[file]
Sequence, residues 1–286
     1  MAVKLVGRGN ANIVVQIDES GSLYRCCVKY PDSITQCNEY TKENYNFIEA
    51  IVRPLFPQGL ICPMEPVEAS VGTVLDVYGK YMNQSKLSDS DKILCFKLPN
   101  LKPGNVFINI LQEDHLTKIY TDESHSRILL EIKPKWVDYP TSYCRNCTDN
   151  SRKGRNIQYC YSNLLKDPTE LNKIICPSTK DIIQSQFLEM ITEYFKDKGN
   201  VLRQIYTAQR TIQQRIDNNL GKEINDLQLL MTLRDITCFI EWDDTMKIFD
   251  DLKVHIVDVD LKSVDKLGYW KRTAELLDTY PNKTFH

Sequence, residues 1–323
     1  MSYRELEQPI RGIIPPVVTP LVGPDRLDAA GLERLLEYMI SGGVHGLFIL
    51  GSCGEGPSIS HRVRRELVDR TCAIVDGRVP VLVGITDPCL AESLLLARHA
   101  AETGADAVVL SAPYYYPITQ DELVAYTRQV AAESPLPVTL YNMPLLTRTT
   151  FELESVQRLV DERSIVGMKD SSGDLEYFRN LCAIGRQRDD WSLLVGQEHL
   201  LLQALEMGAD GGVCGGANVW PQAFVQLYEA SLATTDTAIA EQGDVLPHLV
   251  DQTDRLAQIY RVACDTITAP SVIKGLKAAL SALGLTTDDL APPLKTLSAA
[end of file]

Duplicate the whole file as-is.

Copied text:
Sequence, residues 1–286
     1  MAVKLVGRGN ANIVVQIDES GSLYRCCVKY PDSITQCNEY TKENYNFIEA
    51  IVRPLFPQGL ICPMEPVEAS VGTVLDVYGK YMNQSKLSDS DKILCFKLPN
   101  LKPGNVFINI LQEDHLTKIY TDESHSRILL EIKPKWVDYP TSYCRNCTDN
   151  SRKGRNIQYC YSNLLKDPTE LNKIICPSTK DIIQSQFLEM ITEYFKDKGN
   201  VLRQIYTAQR TIQQRIDNNL GKEINDLQLL MTLRDITCFI EWDDTMKIFD
   251  DLKVHIVDVD LKSVDKLGYW KRTAELLDTY PNKTFH

Sequence, residues 1–323
     1  MSYRELEQPI RGIIPPVVTP LVGPDRLDAA GLERLLEYMI SGGVHGLFIL
    51  GSCGEGPSIS HRVRRELVDR TCAIVDGRVP VLVGITDPCL AESLLLARHA
   101  AETGADAVVL SAPYYYPITQ DELVAYTRQV AAESPLPVTL YNMPLLTRTT
   151  FELESVQRLV DERSIVGMKD SSGDLEYFRN LCAIGRQRDD WSLLVGQEHL
   201  LLQALEMGAD GGVCGGANVW PQAFVQLYEA SLATTDTAIA EQGDVLPHLV
   251  DQTDRLAQIY RVACDTITAP SVIKGLKAAL SALGLTTDDL APPLKTLSAA